Within its fantastic bulk are sheltered some 16 chapels, several alters and retablos, a fine parish church, and a choir, each an inspired work of art replete with gold gilt, fine paintings, and sculptural details. Above it all, 25 bells - measured in tons - ring and sing to the city all around.
The cathedral sits atop a far more ancient foundation, originally built for a temple to Huitzilopochtli, the Aztec God of war. His pyramid was destroyed by the Spanish, who built their cathedral in its stead. As the thirsty city emptied its underground aquifer, however, this massive monument began to sink into the subsoil. It was stabilized in the 1990s, but still lists to one side.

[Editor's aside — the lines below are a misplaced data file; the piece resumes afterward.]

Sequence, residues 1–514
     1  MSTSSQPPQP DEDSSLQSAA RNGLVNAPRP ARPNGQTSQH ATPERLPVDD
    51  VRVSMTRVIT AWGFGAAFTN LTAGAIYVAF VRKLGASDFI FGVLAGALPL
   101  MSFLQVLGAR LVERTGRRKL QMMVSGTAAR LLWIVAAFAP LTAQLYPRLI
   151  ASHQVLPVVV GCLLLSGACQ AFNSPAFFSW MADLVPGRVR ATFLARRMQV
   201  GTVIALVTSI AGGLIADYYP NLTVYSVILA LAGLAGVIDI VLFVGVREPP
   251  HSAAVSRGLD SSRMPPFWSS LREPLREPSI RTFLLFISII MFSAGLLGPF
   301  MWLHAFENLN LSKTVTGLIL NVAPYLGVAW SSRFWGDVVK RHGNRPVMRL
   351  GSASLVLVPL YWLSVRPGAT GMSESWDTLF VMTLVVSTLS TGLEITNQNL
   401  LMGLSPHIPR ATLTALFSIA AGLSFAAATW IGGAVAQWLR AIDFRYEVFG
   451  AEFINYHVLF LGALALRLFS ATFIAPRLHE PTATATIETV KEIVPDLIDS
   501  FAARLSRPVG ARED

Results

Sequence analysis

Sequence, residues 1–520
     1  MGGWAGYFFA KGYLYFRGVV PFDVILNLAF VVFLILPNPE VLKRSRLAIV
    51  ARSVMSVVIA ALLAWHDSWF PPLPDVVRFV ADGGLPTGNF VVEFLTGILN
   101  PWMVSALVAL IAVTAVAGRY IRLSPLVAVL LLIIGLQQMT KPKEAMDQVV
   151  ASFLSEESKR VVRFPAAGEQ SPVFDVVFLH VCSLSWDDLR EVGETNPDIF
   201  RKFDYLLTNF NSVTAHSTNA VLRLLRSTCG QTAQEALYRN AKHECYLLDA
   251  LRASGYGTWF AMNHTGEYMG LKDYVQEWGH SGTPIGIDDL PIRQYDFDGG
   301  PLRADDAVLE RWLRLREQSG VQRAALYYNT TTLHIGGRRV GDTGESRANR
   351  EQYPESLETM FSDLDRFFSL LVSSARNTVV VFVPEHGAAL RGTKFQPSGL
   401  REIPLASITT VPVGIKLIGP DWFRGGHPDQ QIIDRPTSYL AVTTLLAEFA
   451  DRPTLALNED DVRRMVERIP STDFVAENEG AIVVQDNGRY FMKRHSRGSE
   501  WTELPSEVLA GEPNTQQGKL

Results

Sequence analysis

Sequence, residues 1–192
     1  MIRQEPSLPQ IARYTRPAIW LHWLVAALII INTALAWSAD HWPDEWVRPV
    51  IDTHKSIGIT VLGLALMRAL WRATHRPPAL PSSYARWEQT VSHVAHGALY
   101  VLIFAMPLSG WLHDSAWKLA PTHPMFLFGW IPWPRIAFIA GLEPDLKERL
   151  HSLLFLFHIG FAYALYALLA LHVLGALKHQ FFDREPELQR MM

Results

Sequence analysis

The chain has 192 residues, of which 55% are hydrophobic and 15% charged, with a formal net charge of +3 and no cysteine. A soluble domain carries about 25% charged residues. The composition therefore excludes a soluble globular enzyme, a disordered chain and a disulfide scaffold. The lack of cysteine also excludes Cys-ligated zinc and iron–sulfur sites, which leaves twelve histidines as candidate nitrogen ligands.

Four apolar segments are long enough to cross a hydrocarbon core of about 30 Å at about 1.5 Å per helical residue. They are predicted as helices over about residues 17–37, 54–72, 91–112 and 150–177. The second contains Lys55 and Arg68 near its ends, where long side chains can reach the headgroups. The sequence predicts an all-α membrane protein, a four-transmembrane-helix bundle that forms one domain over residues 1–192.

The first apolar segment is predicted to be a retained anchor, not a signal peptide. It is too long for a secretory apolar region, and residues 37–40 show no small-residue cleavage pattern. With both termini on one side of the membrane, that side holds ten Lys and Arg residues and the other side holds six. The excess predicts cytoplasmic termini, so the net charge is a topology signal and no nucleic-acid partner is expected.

I always like to take an overview tour of new cities we visit. This was one of best because of the amazing sites in Mexico City that I had not seen and not aware of. We had a small van and were able to make several significant stops along way.
Roberto our guide was very good and very entertaining. We all appreciated not having American's on our tour. Perfect to end at the Anthropological Museum.
All roads lead to the Zócalo, but you're much better off without a car - traffic is terrible. Instead, take Metro Line 2 to the Zócalo stop, right in front of the cathedral.